The encouraging part about this second phase is that it usually does not last very long. It probably will not take but a very few days for the hens to accept the toms. Sometimes the turkey population is so dense in a given area that you will not even recognize this phase.
Phase three of the wild turkey's mating cycle is the longest and easiest to identify. The main reason for this is that most spring turkey seasons fall during this phase. At this time breeding is active and hens will build and begin to fill their nests. Hens respond quickly to gobbles during this phase. The good thing for the hunter is that the hens are focused. They will mate quickly and return to their nests even quicker, so the eggs do not have a chance to cool. Usually by mid-morning the hens that are in season have been serviced and are back on their nests. This leaves many receptive toms for the hunter to play with.
It is during this phase when I have the most fun calling and fooling big gobblers. I usually begin my round late in the morning, after 10:00AM. A gobbler will hit a strut zone after all the hens have left him, to strut and display for immature birds or even sub-dominant adult toms. I like to set-up 150 to 200-yards from the gobbler. I begin my calling sequence with the loud, frantic cutting calls of the "Boss Hen". I use a 4-Play Rafter Box Call for this. The gobbler will usually respond vocally.
Once I am sure he has answered my hen calls, I shut up. His instinct tells him to stay put. Under natural circumstances, the hen that he has just made contact with will come to him. That is the way nature has it designed. So he stays in his spot, gobbling occasionally and strutting. After a while he may begin to wonder why his new date has not yet arrived, but he still sees no need to "chase" her. He stays put.
After many minutes and at least a few gobbles on his part, I call again. I rotate my 4-Play to expose 2 different sounding boards. But this time I do not make the call of the hen. This time I take the box call and imitate the yelps of an immature tom. This forces a change of instinct in my big boy. Now instead of instinctively waiting on the hen, he believes a young jake has moved-in on his newly found love interest. Now his instinct does not tell him to stay put, but rather to go defend his princess and his breeding territory.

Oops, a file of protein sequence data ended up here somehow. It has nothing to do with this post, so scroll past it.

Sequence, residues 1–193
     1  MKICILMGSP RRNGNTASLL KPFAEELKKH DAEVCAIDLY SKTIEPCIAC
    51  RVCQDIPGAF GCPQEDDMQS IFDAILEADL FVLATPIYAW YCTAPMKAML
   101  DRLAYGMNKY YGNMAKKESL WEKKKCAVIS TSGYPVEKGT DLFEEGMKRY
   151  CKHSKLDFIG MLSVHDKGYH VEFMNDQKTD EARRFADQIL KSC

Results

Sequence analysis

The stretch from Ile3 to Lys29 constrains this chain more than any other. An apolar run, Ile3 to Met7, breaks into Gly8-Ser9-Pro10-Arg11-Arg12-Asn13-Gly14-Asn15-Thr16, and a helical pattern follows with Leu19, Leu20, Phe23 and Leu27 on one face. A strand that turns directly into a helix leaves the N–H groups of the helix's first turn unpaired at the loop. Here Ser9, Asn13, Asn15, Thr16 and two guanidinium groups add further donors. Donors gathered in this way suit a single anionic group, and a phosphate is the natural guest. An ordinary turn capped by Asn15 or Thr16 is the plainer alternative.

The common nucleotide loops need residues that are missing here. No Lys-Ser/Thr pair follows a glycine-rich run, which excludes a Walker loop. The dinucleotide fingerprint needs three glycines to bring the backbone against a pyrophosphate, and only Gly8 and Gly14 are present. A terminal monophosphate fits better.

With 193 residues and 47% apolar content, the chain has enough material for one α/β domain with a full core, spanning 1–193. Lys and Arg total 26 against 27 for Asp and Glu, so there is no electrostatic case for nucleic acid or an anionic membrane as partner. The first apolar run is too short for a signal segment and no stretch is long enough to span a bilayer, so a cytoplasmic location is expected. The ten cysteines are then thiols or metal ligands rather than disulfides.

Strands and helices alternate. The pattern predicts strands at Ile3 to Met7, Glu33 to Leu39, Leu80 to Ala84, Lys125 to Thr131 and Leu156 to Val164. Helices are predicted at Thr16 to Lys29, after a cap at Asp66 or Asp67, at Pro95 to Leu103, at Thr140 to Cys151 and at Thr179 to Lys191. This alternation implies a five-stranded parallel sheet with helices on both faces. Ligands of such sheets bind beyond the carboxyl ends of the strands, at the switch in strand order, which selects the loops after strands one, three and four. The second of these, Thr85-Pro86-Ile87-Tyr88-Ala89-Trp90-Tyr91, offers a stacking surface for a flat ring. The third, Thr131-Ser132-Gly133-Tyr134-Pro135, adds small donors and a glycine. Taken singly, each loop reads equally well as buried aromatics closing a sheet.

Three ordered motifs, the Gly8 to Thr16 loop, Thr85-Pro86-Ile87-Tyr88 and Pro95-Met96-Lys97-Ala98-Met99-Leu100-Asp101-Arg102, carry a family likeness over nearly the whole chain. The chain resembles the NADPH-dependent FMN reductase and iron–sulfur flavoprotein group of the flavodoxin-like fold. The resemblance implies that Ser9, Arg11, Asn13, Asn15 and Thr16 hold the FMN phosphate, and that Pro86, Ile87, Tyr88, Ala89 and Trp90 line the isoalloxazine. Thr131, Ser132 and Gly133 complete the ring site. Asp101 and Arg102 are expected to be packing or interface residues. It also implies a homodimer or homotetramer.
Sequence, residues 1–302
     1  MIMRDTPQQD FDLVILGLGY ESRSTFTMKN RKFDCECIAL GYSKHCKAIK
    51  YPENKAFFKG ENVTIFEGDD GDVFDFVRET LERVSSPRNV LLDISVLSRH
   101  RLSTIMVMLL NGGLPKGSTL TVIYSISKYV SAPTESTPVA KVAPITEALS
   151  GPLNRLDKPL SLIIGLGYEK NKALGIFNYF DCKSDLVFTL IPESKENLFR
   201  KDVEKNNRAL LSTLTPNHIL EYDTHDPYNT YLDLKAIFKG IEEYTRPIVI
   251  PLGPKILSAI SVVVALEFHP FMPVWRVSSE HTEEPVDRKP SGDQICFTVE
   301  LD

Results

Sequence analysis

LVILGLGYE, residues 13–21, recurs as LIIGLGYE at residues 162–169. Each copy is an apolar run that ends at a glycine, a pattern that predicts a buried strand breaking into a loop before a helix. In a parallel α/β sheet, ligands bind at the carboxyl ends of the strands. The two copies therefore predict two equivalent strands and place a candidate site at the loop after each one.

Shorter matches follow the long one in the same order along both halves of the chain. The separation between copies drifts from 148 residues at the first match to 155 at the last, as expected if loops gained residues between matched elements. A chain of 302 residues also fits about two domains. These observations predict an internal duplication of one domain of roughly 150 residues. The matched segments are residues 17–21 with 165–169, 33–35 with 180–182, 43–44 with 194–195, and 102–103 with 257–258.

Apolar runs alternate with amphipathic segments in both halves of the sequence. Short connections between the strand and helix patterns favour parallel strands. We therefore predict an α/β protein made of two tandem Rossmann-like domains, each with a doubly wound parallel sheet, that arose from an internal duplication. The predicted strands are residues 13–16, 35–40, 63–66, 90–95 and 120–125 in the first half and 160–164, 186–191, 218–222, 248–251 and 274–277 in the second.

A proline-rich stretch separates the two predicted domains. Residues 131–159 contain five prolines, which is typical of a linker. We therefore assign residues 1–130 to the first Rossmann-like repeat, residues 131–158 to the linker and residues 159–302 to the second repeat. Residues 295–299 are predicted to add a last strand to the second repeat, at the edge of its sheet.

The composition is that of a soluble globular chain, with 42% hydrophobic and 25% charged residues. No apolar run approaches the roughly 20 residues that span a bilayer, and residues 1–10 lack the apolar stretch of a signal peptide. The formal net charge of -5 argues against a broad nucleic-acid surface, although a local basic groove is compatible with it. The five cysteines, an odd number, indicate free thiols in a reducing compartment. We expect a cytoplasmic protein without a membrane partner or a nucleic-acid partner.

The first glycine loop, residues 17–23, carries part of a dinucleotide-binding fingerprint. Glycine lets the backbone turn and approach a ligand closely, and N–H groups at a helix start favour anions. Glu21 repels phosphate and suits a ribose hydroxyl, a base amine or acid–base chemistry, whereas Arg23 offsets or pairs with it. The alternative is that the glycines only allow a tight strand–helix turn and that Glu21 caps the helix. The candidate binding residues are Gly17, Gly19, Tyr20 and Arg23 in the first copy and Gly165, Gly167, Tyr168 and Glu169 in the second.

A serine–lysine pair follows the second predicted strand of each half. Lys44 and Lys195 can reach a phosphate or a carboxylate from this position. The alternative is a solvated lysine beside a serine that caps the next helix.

Quite often when a gobbler comes in looking for a fight instead of a date, he will move slowly and check things out well. When he tips his hand and lets me know he is close, I will give him a couple of gobbler clucks from my box call. This usually puts him in a frenzy, puts him in a snit and puts him in my freezer.
The fourth and final phase of the cycle is one that happens late in the spring. At this time the hens have finished breeding and are tending full nests. The males are still filled with the urge to mate and usually respond to just about any call. This does not necessarily make hunting easier. Even though a gobbler may be easier to work during this phase, the foliage and undergrowth of the forest floor can hamper vision tremendously. Late season pasture hunts are what I recommend to end-up your spring turkey season.
Knowledge about the game you are hunting is an invaluable resource. We never know enough, much less too much. Hopefully something contained herein will aid you in the turkey woods. Above all, remember that you and everyone else out there turkey hunting are in full camo. Safety must be your first priority, no matter what else is going on.